Anderson Dental Care - April 2019



7525 STATE RD, STE. A, CINCINNATI, OH 45255 | 513-438-8152 | WWW.ATOWNDENTAL.COM | APRIL 2019


Teachers play a vital role in students’ lives. In many cases, great teachers can make a difference in a child’s experience at school and, ultimately, in their decisions and actions as an adult. Being a teacher involves so much more than most people imagine — more than lesson plans, whiteboards, and grades scribbled in red pen across the tops of essays and tests. Educators are often held responsible for shaping students’ thought processes, motivation to set and complete goals, and overall perception of humanity. With Teacher Appreciation Week coming up, I figured that I would set aside some time to acknowledge a few of the instructors who made a substantial difference in my life as a student and dentist. I come from a family of teachers: My mom has been an orchestra teacher for the last 30 years (I was a student in her class from ages 9–17), my grandpa was a college biology professor, and my uncle teaches high school Spanish. While each of them teaches vastly different subjects, they’ve all demonstrated the magic that happens when an instructor believes in his/her students’ abilities and offers unwavering support — characteristics I strive to incorporate in my own practice. Knowing me now, you likely wouldn’t guess that I struggled in biology all through high school. In fact, most of my high school science teachers had taken their own college-level biology classes from my grandpa, so they

were particularly baffled when his scientific faculties didn’t seem to run in the family. I struggled through my high school and early college classes, and honestly, I didn’t like them a bit. Then, something just clicked. In the end, I even earned my master’s degree in biology. When I graduated with my doctorate in dentistry, my 83-year-old grandpa was the one who hooded me.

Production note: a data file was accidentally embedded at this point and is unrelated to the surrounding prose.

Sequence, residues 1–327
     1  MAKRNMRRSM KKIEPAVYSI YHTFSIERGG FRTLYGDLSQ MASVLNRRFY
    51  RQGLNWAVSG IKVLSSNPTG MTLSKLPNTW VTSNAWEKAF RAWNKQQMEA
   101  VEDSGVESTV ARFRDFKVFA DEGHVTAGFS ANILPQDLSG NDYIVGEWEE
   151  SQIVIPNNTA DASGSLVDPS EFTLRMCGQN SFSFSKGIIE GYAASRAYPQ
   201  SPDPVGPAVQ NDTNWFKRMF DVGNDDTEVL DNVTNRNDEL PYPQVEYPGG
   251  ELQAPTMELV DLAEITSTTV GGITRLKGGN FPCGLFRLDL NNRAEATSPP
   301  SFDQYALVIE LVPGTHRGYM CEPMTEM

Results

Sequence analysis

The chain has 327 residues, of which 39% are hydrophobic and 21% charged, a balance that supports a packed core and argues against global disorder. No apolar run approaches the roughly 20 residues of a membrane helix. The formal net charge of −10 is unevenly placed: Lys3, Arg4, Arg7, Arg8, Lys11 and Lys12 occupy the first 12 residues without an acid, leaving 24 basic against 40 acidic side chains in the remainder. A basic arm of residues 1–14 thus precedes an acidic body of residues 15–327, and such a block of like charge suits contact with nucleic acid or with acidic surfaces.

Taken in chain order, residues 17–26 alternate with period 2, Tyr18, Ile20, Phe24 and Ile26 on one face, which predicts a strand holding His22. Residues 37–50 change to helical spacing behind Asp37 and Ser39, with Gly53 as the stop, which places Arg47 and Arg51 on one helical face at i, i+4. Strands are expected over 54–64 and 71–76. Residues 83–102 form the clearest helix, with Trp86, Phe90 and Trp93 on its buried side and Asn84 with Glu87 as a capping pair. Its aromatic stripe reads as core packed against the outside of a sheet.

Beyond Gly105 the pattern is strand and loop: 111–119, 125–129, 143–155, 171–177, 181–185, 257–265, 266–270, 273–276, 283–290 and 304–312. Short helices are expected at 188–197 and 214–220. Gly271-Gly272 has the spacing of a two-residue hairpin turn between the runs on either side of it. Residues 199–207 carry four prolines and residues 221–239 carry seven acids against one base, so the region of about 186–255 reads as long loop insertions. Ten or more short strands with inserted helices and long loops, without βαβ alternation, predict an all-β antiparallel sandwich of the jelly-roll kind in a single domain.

I’ve found this lesson to be true. The best instructors weren’t the ones who treated me well because I aced a test; they were the ones who treated me well because they cared about me as an individual. This is a lesson I brought with me when I started my own practice. It’s no secret that a big portion of the population harbors a fear of going to the dentist. I’ve met many patients who told me the minute they sat down in the chair that they were terrified. To me, in this industry, the biggest fear is the fear of the unknown, and that is why I make it my goal to constantly bring patients into the process. I explain the procedure, how to prepare for it, and how long it might take. Additionally, my entire team tells them how to prevent cavities and decay. Making each visit an educational experience has significantly reduced patient anxiety. We strive to also make our patients feel like individuals we care about rather than just numbers. All of this combined seems to make for a more peaceful and comfortable dental experience, and for that, I have to thank all my teachers who made such a positive impact on my life and the way I approach my job. All of your hard work didn’t go unnoticed. Thank you for your support and encouragement!

“The best instructors weren’t the ones who

Alongside my grandpa, who always assured me that I was smart enough to conquer my school challenges, my uncle (with whom I lived for a year and a half) also showed me the importance of breaking down barriers to foster growth in a student’s education. He always said that the best way to reach people is to get to know them first. In my own experience, treated me well because I aced a test; they were the ones who treated me well because they cared about me as an individual.”

– Dr. Brooks

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